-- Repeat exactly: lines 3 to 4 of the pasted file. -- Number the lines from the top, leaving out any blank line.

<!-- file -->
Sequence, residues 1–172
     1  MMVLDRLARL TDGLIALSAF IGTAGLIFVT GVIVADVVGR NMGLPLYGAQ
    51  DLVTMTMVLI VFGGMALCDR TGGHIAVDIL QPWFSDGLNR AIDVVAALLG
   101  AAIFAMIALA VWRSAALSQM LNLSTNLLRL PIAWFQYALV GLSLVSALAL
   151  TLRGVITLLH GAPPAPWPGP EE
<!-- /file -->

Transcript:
    51  DLVTMTMVLI VFGGMALCDR TGGHIAVDIL QPWFSDGLNR AIDVVAALLG
   101  AAIFAMIALA VWRSAALSQM LNLSTNLLRL PIAWFQYALV GLSLVSALAL